Taking charge by seeking ways to achieve gender balance
International scientific institutions host conference exploring breadth of gender diversity issues and potential solutions
A conference designed not “just to talk, but to explore solutions”. That’s how EMBL Director General Edith Heard opened the conference ‘Gender Roles and their Impact in Academia’, co-hosted with the European Molecular Biology Organization (EMBO) and the Howard Hughes Medical Institute.
A key strength of the conference lay in its interdisciplinarity and the conversations generated between science and the social sciences. The conference explored how biology and social structures shape gender roles, focusing on ways to achieve equal opportunities in the workplace and specifically in academia. Almost 500 people from around the world registered to participate.
“There’s increasing evidence that when we build diversity into organisations and research, the outputs – which then combine multiple perspectives – are richer, more resilient, and carry a lower exposure to risk,” said Eileen Furlong, Head of EMBL’s Genome Biology Unit and one of the conference’s scientific organisers. “Inclusive leadership is, therefore, a key way forward for a progressive research organisation that wishes to impact society in ways that are equitable to all – an important goal for EMBL. Until the gender gap is closed, we lose out every day on the intelligence and innovation women can bring to science.”
During the conference, participants engaged in conversation to identify conditions that enable gender equity and those that limit it, with the hope of generating new norms. The conference was anchored by the principles that norms are not set in stone and that international organisations have a responsibility to redefine the equality, diversity, and inclusion agenda.
Tracing biological and societal connections
Mel Konner, Samuel Candler Dobbs Professor in the Department of Anthropology at Emory University in Atlanta, Georgia, explored the arc of evolution in his keynote lecture. He noted the rise of women in the US Senate and among CEOs and world leaders. Mel pointed out that countries led by women were among the most successful at controlling the spread of COVID-19. “When I see all this, I’m very encouraged about the future because of the trajectory,” Mel said. “Unfortunately, it is a slow process.”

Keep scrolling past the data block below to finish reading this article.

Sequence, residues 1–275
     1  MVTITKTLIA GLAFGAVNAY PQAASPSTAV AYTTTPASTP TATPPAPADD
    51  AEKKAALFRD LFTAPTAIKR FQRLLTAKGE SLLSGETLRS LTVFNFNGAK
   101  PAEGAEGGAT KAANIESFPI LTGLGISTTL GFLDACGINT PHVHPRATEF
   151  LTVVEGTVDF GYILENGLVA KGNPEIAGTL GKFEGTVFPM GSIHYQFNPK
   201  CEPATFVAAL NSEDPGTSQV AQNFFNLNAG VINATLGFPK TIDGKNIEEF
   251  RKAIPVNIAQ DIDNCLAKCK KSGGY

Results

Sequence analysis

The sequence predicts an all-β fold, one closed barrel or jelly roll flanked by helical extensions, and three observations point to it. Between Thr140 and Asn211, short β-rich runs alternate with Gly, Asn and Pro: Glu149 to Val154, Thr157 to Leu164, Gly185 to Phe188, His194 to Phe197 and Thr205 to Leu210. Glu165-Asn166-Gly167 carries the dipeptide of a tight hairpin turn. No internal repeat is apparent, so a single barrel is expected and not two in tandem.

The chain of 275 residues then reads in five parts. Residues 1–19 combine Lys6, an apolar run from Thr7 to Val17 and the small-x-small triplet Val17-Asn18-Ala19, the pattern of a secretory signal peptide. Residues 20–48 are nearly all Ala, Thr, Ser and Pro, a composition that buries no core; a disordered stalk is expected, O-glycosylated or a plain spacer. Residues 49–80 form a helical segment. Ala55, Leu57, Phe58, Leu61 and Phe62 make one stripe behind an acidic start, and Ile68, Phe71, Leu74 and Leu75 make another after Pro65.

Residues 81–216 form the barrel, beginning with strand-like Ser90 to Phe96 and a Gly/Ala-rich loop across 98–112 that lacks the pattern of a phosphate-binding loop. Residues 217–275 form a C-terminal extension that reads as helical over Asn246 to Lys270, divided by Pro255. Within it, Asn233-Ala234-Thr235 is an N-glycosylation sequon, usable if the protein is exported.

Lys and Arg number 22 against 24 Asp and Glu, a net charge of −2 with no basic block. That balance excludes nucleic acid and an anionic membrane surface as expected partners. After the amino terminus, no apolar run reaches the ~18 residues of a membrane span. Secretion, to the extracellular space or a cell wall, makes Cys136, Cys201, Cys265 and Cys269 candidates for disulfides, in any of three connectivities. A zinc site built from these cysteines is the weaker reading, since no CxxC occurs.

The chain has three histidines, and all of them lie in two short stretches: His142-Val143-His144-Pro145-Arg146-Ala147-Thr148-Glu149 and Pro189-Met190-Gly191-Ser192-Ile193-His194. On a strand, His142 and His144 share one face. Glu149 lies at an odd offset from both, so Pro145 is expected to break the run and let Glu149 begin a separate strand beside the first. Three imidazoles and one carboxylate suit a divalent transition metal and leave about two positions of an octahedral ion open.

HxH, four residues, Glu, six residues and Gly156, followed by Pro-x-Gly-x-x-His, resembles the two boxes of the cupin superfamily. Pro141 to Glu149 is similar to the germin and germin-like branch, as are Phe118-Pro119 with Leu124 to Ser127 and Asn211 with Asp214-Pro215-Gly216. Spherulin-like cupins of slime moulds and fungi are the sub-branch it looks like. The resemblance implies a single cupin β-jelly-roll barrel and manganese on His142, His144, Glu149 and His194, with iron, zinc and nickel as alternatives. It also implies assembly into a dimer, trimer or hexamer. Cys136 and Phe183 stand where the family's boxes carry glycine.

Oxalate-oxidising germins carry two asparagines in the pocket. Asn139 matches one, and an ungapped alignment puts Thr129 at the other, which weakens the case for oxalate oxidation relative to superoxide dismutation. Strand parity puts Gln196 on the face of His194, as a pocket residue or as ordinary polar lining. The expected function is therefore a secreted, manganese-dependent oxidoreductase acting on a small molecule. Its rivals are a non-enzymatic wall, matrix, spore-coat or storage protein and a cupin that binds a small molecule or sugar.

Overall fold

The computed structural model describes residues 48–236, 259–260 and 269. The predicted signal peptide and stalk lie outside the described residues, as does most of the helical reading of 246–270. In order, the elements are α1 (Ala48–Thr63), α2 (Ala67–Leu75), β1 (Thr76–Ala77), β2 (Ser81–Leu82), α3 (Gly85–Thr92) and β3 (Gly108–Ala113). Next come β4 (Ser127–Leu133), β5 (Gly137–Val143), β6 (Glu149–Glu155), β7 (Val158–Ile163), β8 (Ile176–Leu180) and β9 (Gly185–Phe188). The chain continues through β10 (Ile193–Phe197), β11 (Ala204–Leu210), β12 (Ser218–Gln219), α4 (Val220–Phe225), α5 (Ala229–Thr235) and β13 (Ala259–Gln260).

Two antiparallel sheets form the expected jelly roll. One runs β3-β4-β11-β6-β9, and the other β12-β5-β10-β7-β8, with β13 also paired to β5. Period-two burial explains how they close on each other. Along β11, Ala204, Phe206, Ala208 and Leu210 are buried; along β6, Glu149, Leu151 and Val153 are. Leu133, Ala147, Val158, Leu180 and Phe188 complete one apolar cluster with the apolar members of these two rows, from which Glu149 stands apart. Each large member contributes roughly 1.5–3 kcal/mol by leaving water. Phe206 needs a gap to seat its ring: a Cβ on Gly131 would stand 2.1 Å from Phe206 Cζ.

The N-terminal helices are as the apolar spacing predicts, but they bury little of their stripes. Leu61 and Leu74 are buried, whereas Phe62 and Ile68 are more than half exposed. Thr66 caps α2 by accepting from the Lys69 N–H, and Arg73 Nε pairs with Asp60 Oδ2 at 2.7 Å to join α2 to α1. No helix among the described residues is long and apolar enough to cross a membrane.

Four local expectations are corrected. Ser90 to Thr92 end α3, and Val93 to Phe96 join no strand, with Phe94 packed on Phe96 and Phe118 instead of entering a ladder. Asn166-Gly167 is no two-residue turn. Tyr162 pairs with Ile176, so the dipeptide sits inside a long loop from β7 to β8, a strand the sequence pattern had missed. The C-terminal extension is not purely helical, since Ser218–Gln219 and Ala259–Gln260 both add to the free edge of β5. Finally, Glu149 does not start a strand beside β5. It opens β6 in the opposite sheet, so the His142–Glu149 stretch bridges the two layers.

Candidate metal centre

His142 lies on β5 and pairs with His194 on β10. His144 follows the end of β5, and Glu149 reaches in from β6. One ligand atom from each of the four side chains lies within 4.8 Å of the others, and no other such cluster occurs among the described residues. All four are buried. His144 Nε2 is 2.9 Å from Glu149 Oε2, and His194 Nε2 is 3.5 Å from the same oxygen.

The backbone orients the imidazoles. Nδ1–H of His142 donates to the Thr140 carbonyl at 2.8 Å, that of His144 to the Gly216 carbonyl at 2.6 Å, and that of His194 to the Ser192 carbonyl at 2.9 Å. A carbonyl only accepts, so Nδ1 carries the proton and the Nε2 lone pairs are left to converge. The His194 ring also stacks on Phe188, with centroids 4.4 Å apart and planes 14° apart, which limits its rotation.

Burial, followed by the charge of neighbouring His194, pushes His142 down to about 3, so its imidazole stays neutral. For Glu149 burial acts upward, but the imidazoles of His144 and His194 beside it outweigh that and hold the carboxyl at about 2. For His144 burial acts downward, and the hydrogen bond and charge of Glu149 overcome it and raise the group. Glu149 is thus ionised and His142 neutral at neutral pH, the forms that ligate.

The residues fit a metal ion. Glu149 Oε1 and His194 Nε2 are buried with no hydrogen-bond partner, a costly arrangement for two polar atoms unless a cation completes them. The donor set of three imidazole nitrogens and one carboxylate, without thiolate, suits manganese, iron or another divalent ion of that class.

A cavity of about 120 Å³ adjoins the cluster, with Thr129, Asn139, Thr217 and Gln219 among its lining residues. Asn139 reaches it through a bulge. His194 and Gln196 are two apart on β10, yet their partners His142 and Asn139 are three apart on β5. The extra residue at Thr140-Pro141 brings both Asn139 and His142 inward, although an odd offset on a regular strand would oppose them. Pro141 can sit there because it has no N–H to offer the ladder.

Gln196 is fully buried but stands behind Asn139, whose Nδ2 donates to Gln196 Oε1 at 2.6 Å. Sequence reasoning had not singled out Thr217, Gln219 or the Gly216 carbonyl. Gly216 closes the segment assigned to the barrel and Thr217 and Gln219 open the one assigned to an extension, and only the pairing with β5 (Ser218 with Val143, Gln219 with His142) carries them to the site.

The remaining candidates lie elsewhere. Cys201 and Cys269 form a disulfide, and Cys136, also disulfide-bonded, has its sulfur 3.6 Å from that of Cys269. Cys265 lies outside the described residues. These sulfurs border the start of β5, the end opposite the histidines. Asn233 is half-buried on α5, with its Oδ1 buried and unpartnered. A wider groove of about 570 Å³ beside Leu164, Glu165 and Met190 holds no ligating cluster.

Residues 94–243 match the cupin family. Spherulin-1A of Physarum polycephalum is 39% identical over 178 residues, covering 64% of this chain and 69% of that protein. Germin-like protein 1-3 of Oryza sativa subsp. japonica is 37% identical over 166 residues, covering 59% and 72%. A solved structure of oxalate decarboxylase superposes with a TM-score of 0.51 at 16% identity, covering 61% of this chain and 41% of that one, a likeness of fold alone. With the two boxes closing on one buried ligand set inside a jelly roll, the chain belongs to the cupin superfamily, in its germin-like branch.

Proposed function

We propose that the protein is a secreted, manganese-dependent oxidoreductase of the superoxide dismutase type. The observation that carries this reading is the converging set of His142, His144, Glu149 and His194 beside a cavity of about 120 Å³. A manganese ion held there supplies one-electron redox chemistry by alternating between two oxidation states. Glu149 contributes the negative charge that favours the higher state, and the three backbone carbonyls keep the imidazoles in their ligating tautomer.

Claartje Vinkenburg, Associate Professor at Vrije Universiteit Amsterdam, and Joseph Hermanowicz, Professor of Sociology at the University of Georgia, noted that this is what also happens to our meritocracy. They pointed out how merit is not a well-defined concept and has a strong gender component.
Cordelia Fine, Professor of History and Philosophy of Science at the University of Melbourne, gave the keynote lecture on the second day of the conference, focusing on the question of justice. “There are several important reasons to increase workplace gender diversity which are rarely discussed in print media,” she said. “These include greater equality in power and leadership, positive effects on organisational governance, a reduction in male-centrism in products and services delivered to the community, as well as the economic and social benefits for men.” The question that we need to ask ourselves by way of a paradigm shift, she concluded, is “what women can do for the organisation rather than what the organisation can do for women”.
Finding balance in academia
Sarah Damaske, Associate Professor of Sociology, Labor and Employment Relations, and Women’s Studies at Pennsylvania State University, explored the gender issues that have arisen for men, particularly in households where family responsibilities are shared equally. By polling male academics, she found disparities that echoed the challenges faced by these academics’ female counterparts, particularly among those early in their careers, who consciously opt out of marriage and family or struggle to find balance. The challenge, she noted, is that it is often older male academics used to functioning in gender-stereotypical family roles who take decisions affecting workplace policy, thereby slowing progress in gender equity.